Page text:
From Virginia, USA:
I am a 26 year old male, approximately 150 pounds. I was diagnosed with insulin dependent diabetes at the age of three and have been taking injections ever since. I am on a two injection schedule, one when I get up (6 units of R and 8 units of NPH in a 1cc syringe), the second I take approximately 7 to 8 hours later (6 units of Regular and 18 of NPH). I am currently using the B-D Microfine II syringe and Eli Lilly's Humulin.
Recently I have gotten some information regarding the Novopen 1.5 and I am curious as to what it might be like to use it. I have seen a B-D version but not seen one offered in the states. I want to know what the effect might be if I try the 70/30 mixture cartridge and reduce my injection by two or three units? My current lifestyle has made my previous insulin schedule somewhat outdated since I now work nights and sleep during the day. I know that Novo is giving away their pen free with a purchase of the insulin cartridges. If the 70/30 mix is a bad idea, is it possible to get two pens from the company under the same deal? Lastly what would be the possible physiological differences be between the Novolin brand insulin and the Lilly brand Humulin?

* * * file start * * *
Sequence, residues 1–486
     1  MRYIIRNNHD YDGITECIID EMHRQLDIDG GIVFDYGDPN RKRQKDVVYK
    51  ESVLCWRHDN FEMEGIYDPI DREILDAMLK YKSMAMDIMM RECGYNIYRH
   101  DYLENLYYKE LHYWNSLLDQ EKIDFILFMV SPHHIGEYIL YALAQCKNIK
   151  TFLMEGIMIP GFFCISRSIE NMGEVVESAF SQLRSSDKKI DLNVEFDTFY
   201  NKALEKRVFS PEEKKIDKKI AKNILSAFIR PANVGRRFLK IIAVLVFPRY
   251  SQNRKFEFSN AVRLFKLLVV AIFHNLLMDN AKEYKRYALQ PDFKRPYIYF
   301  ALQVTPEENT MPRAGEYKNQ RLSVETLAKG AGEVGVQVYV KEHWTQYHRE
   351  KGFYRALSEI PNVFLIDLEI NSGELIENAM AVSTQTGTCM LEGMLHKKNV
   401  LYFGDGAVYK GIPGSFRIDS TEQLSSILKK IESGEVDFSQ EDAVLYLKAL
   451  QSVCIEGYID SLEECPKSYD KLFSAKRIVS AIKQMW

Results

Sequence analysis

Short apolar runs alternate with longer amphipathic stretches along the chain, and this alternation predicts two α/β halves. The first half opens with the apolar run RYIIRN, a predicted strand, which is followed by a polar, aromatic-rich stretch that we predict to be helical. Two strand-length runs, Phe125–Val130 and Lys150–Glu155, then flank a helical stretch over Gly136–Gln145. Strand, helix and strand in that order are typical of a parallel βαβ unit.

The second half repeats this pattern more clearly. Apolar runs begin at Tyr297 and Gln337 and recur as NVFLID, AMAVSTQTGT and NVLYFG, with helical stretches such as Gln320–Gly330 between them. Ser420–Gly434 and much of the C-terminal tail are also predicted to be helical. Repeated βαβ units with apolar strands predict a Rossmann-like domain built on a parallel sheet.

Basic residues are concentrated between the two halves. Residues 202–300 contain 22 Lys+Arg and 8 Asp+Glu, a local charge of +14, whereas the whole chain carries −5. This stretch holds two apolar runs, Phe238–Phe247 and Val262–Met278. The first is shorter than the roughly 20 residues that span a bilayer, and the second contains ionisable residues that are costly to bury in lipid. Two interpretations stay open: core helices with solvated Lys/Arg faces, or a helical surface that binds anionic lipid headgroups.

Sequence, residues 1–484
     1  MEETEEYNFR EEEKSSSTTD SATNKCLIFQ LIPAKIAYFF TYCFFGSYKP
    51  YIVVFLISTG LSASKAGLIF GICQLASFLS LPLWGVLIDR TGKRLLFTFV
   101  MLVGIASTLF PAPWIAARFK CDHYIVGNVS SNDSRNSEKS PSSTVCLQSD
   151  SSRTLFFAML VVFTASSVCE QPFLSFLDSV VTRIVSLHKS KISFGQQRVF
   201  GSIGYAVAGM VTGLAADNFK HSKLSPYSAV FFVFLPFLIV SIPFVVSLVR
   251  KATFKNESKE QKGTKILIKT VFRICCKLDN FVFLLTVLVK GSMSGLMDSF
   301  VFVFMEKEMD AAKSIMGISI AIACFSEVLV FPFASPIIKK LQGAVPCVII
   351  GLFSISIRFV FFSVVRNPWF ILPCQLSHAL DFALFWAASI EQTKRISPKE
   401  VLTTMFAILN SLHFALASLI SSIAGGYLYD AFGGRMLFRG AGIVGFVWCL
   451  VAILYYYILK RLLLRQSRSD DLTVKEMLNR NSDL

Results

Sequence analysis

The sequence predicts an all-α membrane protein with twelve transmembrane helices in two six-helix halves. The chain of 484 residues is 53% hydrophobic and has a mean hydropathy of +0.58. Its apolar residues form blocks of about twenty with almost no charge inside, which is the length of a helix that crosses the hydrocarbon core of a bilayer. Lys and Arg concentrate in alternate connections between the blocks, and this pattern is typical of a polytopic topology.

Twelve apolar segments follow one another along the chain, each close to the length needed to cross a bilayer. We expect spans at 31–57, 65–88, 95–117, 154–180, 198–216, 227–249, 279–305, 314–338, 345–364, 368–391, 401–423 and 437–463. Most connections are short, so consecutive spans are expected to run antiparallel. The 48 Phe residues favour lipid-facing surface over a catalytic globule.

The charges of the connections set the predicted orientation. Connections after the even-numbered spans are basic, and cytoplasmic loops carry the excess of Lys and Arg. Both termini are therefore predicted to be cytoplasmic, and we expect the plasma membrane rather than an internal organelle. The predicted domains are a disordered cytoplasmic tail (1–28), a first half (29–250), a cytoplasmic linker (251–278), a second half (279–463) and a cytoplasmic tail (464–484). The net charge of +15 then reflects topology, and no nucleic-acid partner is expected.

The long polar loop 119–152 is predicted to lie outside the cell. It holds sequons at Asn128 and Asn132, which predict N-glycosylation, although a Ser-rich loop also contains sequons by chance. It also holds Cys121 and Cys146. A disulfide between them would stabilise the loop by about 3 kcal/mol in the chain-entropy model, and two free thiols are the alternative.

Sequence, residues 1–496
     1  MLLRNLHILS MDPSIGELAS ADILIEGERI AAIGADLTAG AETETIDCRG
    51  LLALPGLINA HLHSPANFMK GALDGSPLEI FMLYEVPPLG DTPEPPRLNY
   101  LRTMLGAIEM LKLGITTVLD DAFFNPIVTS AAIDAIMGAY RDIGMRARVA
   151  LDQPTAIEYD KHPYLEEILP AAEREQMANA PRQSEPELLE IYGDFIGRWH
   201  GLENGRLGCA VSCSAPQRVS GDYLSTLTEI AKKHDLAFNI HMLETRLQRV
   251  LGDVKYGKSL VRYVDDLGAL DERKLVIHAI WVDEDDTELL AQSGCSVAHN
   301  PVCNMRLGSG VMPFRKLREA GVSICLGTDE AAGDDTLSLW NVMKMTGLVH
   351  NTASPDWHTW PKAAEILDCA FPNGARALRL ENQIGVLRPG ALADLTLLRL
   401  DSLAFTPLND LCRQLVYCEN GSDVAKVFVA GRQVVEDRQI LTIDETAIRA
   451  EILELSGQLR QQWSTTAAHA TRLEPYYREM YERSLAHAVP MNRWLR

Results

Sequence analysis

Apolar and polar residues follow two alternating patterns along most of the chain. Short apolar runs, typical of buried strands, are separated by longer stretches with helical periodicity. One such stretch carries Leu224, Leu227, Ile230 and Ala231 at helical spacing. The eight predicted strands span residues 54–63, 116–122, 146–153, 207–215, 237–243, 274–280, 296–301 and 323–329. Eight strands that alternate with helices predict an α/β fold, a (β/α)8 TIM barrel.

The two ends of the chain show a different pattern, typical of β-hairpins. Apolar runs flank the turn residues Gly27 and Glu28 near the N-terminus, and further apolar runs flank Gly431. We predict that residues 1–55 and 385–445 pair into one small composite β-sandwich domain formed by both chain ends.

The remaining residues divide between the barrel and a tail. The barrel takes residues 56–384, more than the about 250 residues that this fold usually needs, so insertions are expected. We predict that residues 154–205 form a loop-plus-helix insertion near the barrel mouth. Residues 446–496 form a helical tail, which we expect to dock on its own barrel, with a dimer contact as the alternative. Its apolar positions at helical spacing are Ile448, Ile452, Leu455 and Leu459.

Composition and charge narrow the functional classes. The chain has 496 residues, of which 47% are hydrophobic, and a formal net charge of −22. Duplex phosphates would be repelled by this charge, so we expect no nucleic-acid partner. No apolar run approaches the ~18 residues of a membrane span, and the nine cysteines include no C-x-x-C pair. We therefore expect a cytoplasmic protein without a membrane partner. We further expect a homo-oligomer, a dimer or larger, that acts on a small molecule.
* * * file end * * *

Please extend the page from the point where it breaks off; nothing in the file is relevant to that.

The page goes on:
If you think your present insulin regimen is outdated because of a change in your work schedule, I would strongly suggest that you meet with your physician to work out a better regimen to match your schedule.
Taking a fixed combination of Regular and NPH, like 70/30 insulin, prevents flexibility trying to match your insulin with your food and work schedule, so I doubt using the pen to inject Lilly's 70/30 insulin would be of help to you.
At the present time both the Novo and Lilly cartridges can be used in the Novopen, the B-D pen and the Autopen. All three are available in the USA. There is very little difference if any in the times of action of the corresponding Lilly and Novo insulins, but usually it is recommended not to switch back and forth between brands.
You would have to contact Novo directly to see if you could get two free pens. If you have insurance, you may be able to get one free pen from the company and one paid for by insurance.
Original posting 13 Apr 97
Last Updated: Tuesday April 06, 2010 15:08:54
This Internet site provides information of a general nature and is designed for educational purposes only. If you have any concerns about your own health or the health of your child, you should always consult with a physician or other health care professional.
This site is published by T-1 Today, Inc. (d/b/a Children with Diabetes), a 501c3 not-for-profit organization, which is responsible for its contents.
© Children with Diabetes, Inc. 1995-2015. Comments and Feedback.